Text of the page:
I wouldn’t be surprised to see Instagram follow Facebook’s well-worn playbook, which calls for the company to push the envelope, then back off a bit, rinse, repeat. But for now, pending future changes, your cute cat photos are safe from becoming ads for your local pet salon.

Here’s A New Way You’ll Soon Get Targeted For Ads: Your Hashtags

Screen shot 2012-12-11 at 8.17.52 PMFrom my Forbes.com blog The New Persuaders:

Facebook has Sponsored Stories. Twitter has Promoted Tweets. Buzzfeed has Promoted Posts. They’re all based on social gestures and activities, each targeted to people, whether friends or birds of a feather, who might share similar interests. Now, a company has come up with a new way of targeting people using one of the most common social gestures of our time: the hashtag.

If you’re bothering to read this, you probably already know hashtags are those short subject labels, starting with a # or hash sign, that describe the topic a tweet or other shared item is about. They didn’t start with Twitter, but they became popular thanks to their common use in tweets. That use has spread to other social networks, from Pinterest to Instagram (though not very often on Facebook, for some reason).

Today, social ad firm RadiumOne announced it’s making hashtag targeting available to advertisers so they can reach like-minded consumers in real-time across the Web based on the hashtags they’re using. So, for example, says RadiumOne founder and CEO Gurbaksh Chahal, Nike can reach consumers who use the hashtag #nike, or #olympics, or #fitness with ads for running shoes. Or McDonald’s could target people who tag their tweet or Instagram photo #burgers or even #hungry. …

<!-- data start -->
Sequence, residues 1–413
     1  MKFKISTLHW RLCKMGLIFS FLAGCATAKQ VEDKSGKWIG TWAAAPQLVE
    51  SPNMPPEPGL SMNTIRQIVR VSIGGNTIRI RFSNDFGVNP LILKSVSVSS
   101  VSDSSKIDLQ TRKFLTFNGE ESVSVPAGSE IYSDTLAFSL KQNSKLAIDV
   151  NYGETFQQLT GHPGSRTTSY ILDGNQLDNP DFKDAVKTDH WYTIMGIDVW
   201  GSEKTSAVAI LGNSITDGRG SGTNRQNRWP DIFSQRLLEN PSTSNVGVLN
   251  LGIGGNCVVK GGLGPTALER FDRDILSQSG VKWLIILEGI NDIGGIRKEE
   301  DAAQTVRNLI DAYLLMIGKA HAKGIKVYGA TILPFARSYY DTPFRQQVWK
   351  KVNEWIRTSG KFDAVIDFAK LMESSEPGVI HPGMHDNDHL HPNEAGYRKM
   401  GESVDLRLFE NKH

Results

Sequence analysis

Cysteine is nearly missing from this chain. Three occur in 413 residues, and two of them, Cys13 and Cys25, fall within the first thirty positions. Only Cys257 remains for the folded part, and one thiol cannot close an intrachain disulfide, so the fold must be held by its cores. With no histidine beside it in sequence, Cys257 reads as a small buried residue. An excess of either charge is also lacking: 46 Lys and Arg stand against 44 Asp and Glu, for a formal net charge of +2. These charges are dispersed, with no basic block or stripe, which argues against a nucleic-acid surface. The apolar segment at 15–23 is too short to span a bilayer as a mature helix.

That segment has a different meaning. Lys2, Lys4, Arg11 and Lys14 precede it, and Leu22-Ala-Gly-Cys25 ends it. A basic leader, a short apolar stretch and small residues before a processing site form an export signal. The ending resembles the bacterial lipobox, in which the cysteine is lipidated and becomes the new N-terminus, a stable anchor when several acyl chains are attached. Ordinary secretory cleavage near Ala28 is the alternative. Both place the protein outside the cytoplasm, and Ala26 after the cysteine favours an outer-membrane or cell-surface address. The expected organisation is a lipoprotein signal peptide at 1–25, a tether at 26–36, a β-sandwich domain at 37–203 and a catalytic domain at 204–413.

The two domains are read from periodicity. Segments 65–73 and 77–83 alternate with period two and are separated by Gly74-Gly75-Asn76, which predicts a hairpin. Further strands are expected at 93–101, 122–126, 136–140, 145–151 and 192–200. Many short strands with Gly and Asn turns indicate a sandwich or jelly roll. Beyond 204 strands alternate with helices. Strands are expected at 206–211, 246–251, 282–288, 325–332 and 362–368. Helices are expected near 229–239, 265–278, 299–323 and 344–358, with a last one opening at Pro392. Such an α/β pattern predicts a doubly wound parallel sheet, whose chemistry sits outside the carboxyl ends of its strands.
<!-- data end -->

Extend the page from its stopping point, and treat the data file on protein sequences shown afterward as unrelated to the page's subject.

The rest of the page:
Read the complete post at The New Persuaders.

 

Uh-Oh–Survey Says Most People Find Facebook And Twitter Ads Misleading

From my Forbes.com blog The New Persuaders:

To hear Silicon Valley and nouveau ad-tech types tell it, traditional advertising sucks. The best way to attract people’s attention and engage them more fully is to create ad formats that more closely resemble the activities people are already doing on a site–in other words, to make ads look less like ads.

That’s the idea behind so-called “native” ads such as Facebook’s Sponsored Stories and Twitter’s Promoted Tweets. Although various studies seem to indicate these ads are indeed more effective than standard banner ads–a low bar, it must be said–a new survey released today indicates that a lot of consumers don’t trust native ads. According to the survey by app advertising firm MediaBrix and Harris Interactive:

* 45% found Twitter promoted tweets misleading.